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March 6 2017

When a Too High Minimum Wage Sidelines People Who Want to Work

by Charlotte Hays

I've hesitated to put this article from the (London) Spectator up because there are some pitfalls in making a comparisons to any U.S. minimum wage matters. Still, I've decided to call your attention to Rosa Monckton's piece.

It is headlined "Why People with Mental Disabilities Should Be Allowed to Work for Less than the Minimum Wage." As the mother of a daughter with Down's Syndrome, Monckton has first-hand experience with the subject.

Monckton is founder of a charity called Team Domenica, named for her daughter. The goal of the charity is to get jobs for young adults with learning disabilities.

Monckton writes:

Pay is the really thorny issue. The single thing that makes it most difficult to get people with learning disabilities into work is the ratcheting up of the minimum wage, which from 1 April goes up to £7.05 per hour if you are aged between 21 and 24, and £7.50 if you are older. On the whole, employers are not charities, and it is difficult for them to employ people if their output amounts to a loss. Most of our graduates will manage only eight to 15 hours a week. Yet even to raise the subject of exempting disabled workers from the minimum wage, letting employers pay them less, is to be considered brutish and inhumane.

Pay is the really thorny issue. The single thing that makes it most difficult to get people with learning disabilities into work is the ratcheting up of the minimum wage, which from 1 April goes up to £7.05 per hour if you are aged between 21 and 24, and £7.50 if you are older. On the whole, employers are not charities, and it is difficult for them to employ people if their output amounts to a loss. Most of our graduates will manage only eight to 15 hours a week. Yet even to raise the subject of exempting disabled workers from the minimum wage, letting employers pay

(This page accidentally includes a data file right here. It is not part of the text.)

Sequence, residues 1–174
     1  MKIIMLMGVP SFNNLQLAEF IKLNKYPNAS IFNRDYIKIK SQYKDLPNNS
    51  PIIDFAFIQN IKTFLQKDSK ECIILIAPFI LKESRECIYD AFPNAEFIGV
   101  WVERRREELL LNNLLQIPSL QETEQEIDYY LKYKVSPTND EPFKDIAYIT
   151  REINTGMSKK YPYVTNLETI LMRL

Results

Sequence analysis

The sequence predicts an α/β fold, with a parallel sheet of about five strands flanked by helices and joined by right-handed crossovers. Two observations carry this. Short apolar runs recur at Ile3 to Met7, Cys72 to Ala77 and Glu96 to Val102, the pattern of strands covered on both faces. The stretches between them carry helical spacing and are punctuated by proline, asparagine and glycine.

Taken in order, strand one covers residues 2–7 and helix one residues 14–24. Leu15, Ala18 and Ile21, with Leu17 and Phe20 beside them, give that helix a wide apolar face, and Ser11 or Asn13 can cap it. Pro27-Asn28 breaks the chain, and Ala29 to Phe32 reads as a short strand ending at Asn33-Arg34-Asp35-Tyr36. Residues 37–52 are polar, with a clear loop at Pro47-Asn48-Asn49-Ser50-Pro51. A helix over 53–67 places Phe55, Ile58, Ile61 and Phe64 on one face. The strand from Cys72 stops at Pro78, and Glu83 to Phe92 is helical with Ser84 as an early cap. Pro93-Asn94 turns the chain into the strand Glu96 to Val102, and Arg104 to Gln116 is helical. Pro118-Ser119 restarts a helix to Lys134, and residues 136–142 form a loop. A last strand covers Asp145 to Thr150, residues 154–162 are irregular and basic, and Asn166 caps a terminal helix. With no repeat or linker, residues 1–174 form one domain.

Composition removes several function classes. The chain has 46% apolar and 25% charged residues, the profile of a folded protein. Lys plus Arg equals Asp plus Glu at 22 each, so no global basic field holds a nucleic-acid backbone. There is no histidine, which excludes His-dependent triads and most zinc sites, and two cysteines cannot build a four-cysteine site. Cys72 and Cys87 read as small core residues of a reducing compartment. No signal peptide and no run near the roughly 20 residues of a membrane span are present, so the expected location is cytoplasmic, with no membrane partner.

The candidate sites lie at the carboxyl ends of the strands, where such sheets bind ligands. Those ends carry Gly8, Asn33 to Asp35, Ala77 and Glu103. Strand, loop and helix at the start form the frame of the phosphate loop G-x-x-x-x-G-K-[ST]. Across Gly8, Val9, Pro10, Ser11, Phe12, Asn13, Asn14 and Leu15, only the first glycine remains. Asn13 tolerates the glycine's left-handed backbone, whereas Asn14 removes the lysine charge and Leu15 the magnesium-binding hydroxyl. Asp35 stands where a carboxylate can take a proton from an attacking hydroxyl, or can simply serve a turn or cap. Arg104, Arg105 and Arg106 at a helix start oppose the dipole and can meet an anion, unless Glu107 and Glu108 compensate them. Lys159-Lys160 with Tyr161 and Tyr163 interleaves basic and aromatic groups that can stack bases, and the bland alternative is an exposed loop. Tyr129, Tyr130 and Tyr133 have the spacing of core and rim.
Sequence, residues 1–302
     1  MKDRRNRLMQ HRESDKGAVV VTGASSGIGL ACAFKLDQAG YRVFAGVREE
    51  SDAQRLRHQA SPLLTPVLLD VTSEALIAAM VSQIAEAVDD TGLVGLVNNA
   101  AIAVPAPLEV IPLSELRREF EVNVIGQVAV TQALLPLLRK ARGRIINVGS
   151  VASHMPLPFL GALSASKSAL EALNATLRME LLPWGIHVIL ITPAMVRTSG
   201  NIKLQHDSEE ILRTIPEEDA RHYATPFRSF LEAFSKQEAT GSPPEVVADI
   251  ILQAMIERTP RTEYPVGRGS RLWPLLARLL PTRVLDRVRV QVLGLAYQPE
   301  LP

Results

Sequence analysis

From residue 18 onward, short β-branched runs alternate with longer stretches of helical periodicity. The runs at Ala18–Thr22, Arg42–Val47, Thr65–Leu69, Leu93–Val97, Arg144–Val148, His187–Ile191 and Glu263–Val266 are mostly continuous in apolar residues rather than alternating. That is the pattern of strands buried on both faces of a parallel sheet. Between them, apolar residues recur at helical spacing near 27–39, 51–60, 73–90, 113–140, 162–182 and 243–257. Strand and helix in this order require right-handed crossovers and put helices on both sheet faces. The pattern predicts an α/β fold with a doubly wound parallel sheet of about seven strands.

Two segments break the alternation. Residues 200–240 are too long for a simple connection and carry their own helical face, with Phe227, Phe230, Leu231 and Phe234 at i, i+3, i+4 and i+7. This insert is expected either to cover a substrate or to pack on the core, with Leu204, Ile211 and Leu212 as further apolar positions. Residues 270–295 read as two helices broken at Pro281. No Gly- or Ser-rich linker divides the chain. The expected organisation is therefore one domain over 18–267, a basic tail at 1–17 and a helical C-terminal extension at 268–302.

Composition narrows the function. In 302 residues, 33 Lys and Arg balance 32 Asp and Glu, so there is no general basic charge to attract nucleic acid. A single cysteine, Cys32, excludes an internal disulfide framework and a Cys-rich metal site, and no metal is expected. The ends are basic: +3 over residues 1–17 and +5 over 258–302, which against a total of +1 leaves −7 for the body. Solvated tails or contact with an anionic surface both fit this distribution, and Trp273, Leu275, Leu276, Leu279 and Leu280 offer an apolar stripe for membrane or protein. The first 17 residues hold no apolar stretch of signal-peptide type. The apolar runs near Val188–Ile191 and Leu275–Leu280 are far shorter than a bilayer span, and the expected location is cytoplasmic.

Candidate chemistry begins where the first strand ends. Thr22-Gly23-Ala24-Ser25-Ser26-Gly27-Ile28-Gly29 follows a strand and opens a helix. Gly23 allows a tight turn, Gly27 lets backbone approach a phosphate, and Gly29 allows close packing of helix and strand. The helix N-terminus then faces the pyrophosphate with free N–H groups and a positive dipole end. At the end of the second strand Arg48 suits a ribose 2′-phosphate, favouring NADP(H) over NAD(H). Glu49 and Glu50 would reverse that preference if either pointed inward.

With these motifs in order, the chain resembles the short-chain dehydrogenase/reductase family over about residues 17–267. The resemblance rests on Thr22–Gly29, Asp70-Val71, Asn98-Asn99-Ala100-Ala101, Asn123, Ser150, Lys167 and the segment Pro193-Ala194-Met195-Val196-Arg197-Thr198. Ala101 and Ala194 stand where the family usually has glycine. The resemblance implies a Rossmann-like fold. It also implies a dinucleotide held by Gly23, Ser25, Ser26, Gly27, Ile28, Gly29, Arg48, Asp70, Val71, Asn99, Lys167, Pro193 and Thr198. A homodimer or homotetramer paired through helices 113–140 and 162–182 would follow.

In 2011 a Conservative MP made a speech in the House of Commons on the employment opportunities bill. He declared it a scandal that only ‘6 per cent of people with learning disabilities have a job’ and said, ‘If legislators are not prepared to accept that the minimum wage is making it harder for some of those vulnerable people to get on the first rung of the jobs ladder, we will never get anywhere in trying to help these people into employment.’ For this thoughtful intervention, he was described as ‘insane’, ‘disgusting’, ‘like Hitler’. The Daily Mirror declared: ‘This is a contemptible bid to impose slave labour.’

Just over two years ago, Sigmund Freud’s great grandson Lord (David) Freud, then a minister in the DWP, was asked a question on the subject by a Tory councillor, David Scott, who said: ‘I have a number of mentally damaged individuals, who to be quite frank aren’t worth the minimum wage, but want to work… but you can’t find people who are willing to pay the minimum wage. How do you deal with those sorts of cases?’

Freud replied: ‘I know exactly what you mean, where actually as you say they’re not worth the full wage, and I’m going to go and think about that particular issue, whether there is something we can do nationally.’

The backlash was spectacular. Ed Miliband declared ‘The Nasty Party is back’; and various disability charities, such as Mencap, denounced Freud. Esther McVey, a fellow-Tory who was the disability minister in the same department as Freud, said on the BBC Daily Politics programme that ‘Those words will haunt him… he will have to explain himself.’

This is a touching story, and the only application I want to make is this: employers as a rule can only pay an employee for what he or she does. We all make decisions about hiring somebody to do something that reflect our ability to pay and what the person can provide: I can pay X, but not Y.

For many people, an entry level job is just that--an entry into the world of work. While some of those served by Team Domenica may not be able to move up to far better positions, they can still gain the dignity that work confers. Many others being kept out of the job market by a too high minimum wage could gain valuable experience and move up--if they could just get an entry level job in the first place.

 

 

 

 

 

 

 

 

Independent Women’s Forum’s mission is to improve the lives of Americans by increasing the number of women who value free markets and personal liberty. Sister organization of Independent Women’s Voice.
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